Swann also advised against wearing jeans, noting they could be acceptable when paired with a collared shirt or blazer. For Senning, jeans wouldn’t be a first choice, either.

Another big thing to avoid is clothing that is too revealing, such as super short skirts, low-cut dresses and spaghetti straps.

“Short is fashionable, but it’s too short when people are taking second and third looks because you can’t sit down, that’s too short,” Gottsman said. “We know it’s not inappropriate to have something above the knee, it’s inappropriate when you bend over to look at the deceased and people can see your underpinnings.”

“As far as skirts are concerned, you want to choose something that is more modest in nature, so at the knee or just above the knee is a good idea in terms of the length,” Swann said.

Senning suggested applying what he calls “the rule of too,” telling HuffPost, “If you hear that little discretionary voice in your head asking: Is this too much? Is this scent too strong? Is this hemline a little too low or too high? Is this fabric a little too sheer? Is this knot in my tie a little too creative?” you should err on the side of caution.

Other things that should be avoided include anything too glittery, like sequins or flashy metallic fabrics, or heavy cologne or perfume, as it can be quite distracting. In terms of footwear, Gottsman suggested choosing a shoe that can easily take you from a funeral home or place of worship to a burial site, where you might be walking in grass or gravel. And definitely no sneakers.

″[Sneakers are] a no,” Gottsman said. “I think it just says, ‘I tossed something on to come here and I’m getting ready to leave.’” The same goes for flip-flops and canvas slip-ons, she added.

At the end of the day, it all comes back to being respectful with your choice of attire and choosing to go with more conservative options if you’re in doubt.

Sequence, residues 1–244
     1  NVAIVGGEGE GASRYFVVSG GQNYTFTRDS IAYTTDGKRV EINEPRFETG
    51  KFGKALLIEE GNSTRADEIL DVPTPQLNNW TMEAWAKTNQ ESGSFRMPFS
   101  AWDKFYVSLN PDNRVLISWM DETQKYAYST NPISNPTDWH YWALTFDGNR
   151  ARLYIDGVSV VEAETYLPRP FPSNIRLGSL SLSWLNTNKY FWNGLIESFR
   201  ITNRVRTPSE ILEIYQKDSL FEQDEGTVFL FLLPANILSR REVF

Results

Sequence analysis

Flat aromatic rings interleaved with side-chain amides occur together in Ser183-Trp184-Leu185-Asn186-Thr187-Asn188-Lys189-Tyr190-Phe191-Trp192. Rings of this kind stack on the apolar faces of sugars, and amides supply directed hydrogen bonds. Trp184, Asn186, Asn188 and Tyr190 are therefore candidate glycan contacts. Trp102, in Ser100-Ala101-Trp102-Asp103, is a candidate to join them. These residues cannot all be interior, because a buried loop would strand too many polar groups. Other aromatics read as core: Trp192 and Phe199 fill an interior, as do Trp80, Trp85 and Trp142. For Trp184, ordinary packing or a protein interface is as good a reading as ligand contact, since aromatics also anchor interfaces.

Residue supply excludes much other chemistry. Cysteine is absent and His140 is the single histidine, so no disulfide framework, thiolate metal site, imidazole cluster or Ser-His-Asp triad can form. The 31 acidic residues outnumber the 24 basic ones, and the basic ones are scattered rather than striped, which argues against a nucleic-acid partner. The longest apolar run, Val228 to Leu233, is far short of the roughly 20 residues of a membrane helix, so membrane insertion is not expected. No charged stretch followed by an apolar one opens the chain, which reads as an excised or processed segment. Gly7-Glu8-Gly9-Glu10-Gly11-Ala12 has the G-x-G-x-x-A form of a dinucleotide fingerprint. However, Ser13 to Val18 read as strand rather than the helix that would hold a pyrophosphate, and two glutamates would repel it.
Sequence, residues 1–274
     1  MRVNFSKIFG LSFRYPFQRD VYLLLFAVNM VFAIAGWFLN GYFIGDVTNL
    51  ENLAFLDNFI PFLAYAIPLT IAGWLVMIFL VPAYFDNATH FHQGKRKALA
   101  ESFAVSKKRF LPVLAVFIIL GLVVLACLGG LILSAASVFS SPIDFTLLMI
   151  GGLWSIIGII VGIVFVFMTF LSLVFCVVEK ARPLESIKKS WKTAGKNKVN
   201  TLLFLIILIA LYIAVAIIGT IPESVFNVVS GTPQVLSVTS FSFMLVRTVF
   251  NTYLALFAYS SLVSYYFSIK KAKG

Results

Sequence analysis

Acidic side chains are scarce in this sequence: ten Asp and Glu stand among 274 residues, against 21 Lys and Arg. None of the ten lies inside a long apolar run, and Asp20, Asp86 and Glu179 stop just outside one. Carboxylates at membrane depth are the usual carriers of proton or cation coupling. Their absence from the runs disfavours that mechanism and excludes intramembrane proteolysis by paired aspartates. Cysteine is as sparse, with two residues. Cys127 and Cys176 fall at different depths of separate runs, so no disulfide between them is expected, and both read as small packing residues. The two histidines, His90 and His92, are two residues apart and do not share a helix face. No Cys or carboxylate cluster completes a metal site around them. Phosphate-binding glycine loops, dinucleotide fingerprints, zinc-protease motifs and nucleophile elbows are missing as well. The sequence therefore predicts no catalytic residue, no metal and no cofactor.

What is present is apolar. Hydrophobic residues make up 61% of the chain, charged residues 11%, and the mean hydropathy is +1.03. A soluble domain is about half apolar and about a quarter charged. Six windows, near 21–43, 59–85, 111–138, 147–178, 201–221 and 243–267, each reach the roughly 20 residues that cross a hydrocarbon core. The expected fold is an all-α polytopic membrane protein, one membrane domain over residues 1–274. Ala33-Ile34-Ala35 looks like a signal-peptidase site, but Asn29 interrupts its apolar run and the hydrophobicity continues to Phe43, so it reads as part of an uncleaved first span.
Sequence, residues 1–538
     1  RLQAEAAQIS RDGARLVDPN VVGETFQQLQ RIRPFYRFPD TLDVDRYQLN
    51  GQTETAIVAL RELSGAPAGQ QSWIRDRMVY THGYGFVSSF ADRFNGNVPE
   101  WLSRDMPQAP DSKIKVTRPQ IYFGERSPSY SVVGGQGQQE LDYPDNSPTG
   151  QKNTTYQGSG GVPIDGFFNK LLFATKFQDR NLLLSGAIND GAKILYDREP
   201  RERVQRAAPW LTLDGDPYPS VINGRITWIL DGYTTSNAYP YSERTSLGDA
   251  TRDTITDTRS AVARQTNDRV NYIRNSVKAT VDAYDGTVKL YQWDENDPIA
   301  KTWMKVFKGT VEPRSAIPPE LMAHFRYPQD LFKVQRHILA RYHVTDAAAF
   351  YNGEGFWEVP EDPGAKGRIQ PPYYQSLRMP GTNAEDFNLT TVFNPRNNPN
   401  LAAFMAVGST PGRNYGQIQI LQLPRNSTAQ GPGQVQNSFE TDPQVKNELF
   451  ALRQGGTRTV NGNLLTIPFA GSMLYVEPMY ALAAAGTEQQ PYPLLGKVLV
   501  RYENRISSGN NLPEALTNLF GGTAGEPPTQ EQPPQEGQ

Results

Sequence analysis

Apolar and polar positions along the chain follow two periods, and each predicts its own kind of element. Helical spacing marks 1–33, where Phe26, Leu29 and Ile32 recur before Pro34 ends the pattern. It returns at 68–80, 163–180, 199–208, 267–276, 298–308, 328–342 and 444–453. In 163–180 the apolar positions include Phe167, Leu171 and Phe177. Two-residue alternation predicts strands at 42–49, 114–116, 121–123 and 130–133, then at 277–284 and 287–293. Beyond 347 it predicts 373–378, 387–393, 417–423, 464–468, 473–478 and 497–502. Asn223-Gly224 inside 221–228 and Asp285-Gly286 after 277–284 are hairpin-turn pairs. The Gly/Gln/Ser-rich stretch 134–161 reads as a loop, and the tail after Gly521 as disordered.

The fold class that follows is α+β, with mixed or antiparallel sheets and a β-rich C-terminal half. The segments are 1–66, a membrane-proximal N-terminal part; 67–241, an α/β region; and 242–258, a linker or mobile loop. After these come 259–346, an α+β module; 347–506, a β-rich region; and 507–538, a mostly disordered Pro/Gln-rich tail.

“I think regardless of how formal or informal, the clothing should still be respectful and subtle, as opposed to out there,” Gottsman said. “You have to show that you made the effort. That’s the bottom line. You have to show that you made some effort to come and show your respect for the deceased and the family members.”

What About Visitation Or Calling Hours?

The experts we spoke to agreed that visitation or calling hours are typically more casual than the funeral service itself, but you should still “stay away from the shorts and flip-flops, or jeans and sneakers,” Senning said.

“You still want to make an effort to show respect to the solemn nature of the occasion,” he said.

As Senning pointed out, there isn’t really a dress code for the visitation or calling hours, as many people often attend straight from work and may be wearing whatever they had on during the day.

When In Doubt, Ask For Help

Gottsman and Senning both agreed that if you’re really unsure of what to wear to a funeral, there’s nothing wrong with asking for some guidance.

“When in doubt, you don’t have to call the person who lost a loved one, but you can call a family member and say, ‘You know, it’s going to be outside, I’m driving in, are you going to be wearing a suit?’” Gottsman said.

“If there’s a question in your mind, call ahead, ask the house of worship, ask the funeral director, ask the family of the home you’re visiting, call and ask a friend who you know is going, what they’re going to do,” Senning said. “Really, it’s OK.”